Nunavut wildlife board prepares for meetings on polar bear hunts
The Nunavut Wildlife Management Board may face tough decisions and plenty of debate as it prepares for public consultationsabout proposals to reduce polar bear hunting on Baffin Bay and Western Hudson Bay.
Territorial Environment Minister Patterk Netser has given the wildlife boarda number offormal recommendationsthat callfor reductions in the total allowable polar bear harvest in those areas. The board has scheduled public consultations on the matter — the firston Tuesdayin Arivat in the Western Hudson Bay area, andthe secondin Septemberin Pond Inlet, one of the communities that hunts on Baffin Bay.
"There's the first time I hear it's been discussed," Pond Inlet Mayor David Qamaniq said Thursday. "I would assume that people won't be happy about the proposal."
Nunavut raised its hunt levels in 2005, bumping up the total allowable harvest numbers in Baffin Bay alone from 64 to 105 polar bears. At the time, Environment Minister Olayuk Akesuk said the decision to raise harvest levels was based mainly on Inuit traditional knowledge.
The territorial government now is concerned that the combined hunt by Greenland and Nunavut hunters in the area is not sustainable at current harvest numbers.
"The concern is that the population has declined, and the levels of total allowable harvest are not sustainable," Netser wrote in an Oct. 27, 2006, letter to the wildlife board.
"As such, there is a conservation concern that at present [total allowable harvest] levels, the [Western Hudson Bay] polar bear population is declining, and a management plan is necessary."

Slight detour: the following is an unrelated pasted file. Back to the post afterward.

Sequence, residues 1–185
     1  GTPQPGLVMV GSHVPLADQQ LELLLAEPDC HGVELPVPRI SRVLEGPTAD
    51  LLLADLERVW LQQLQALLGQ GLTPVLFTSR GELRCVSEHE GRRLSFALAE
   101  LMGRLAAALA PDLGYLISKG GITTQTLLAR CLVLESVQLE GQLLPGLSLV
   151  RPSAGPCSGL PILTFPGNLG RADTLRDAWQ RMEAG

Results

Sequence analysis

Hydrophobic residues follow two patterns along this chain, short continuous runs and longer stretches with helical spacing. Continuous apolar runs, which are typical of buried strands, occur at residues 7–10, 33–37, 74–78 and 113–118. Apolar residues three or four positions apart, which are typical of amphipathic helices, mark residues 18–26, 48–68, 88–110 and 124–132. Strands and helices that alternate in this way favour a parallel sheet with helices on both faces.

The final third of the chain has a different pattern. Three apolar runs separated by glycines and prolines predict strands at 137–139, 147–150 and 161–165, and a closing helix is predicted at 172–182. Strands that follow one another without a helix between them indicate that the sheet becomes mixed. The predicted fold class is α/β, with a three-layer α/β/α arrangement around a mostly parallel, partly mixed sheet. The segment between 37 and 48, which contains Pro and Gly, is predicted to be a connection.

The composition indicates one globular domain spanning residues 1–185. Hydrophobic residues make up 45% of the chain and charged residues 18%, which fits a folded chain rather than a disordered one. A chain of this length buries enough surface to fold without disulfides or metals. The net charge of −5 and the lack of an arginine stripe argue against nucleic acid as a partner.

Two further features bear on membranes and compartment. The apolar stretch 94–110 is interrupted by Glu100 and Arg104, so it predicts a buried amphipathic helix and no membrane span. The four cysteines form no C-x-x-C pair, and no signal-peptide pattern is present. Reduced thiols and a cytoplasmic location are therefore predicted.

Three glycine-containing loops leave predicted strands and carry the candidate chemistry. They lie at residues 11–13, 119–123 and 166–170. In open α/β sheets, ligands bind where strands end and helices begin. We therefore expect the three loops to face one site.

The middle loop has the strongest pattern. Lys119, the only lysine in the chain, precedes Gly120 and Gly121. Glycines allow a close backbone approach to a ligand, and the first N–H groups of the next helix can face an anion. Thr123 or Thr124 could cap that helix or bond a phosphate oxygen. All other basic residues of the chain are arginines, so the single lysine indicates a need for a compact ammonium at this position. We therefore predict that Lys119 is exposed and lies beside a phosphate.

The number of polar bears in the area has been a point of contention between Inuit hunters and scientists with the Canadian Wildlife Service.
Hunters say polar bears have moved north
The service cites studies that say the bear population in Western Hudson Bay has dropped below 1,000 bears, as their health and survival is affected by shrinking ice. Hunters argue those studies only focus on the population of a small area in the southern part of the region;they say polar bear populations have simplyshifted further north.
"Every year, there's more polar bear encounters in camps, and people see polar bears they don't normally see in the past," Qamaniq said. "I think there's more polar bears than before."
Netser said while the government is recommending a decrease in hunting levels, it also plans to take a close look at the polar bears' distribution.
"We plan to do an entire survey for that zone this summer," Netser said.
Greenland introduced polar bear quotas last year, but talks to develop a research and management agreement for Baffin Bay and other shared populations are continuing.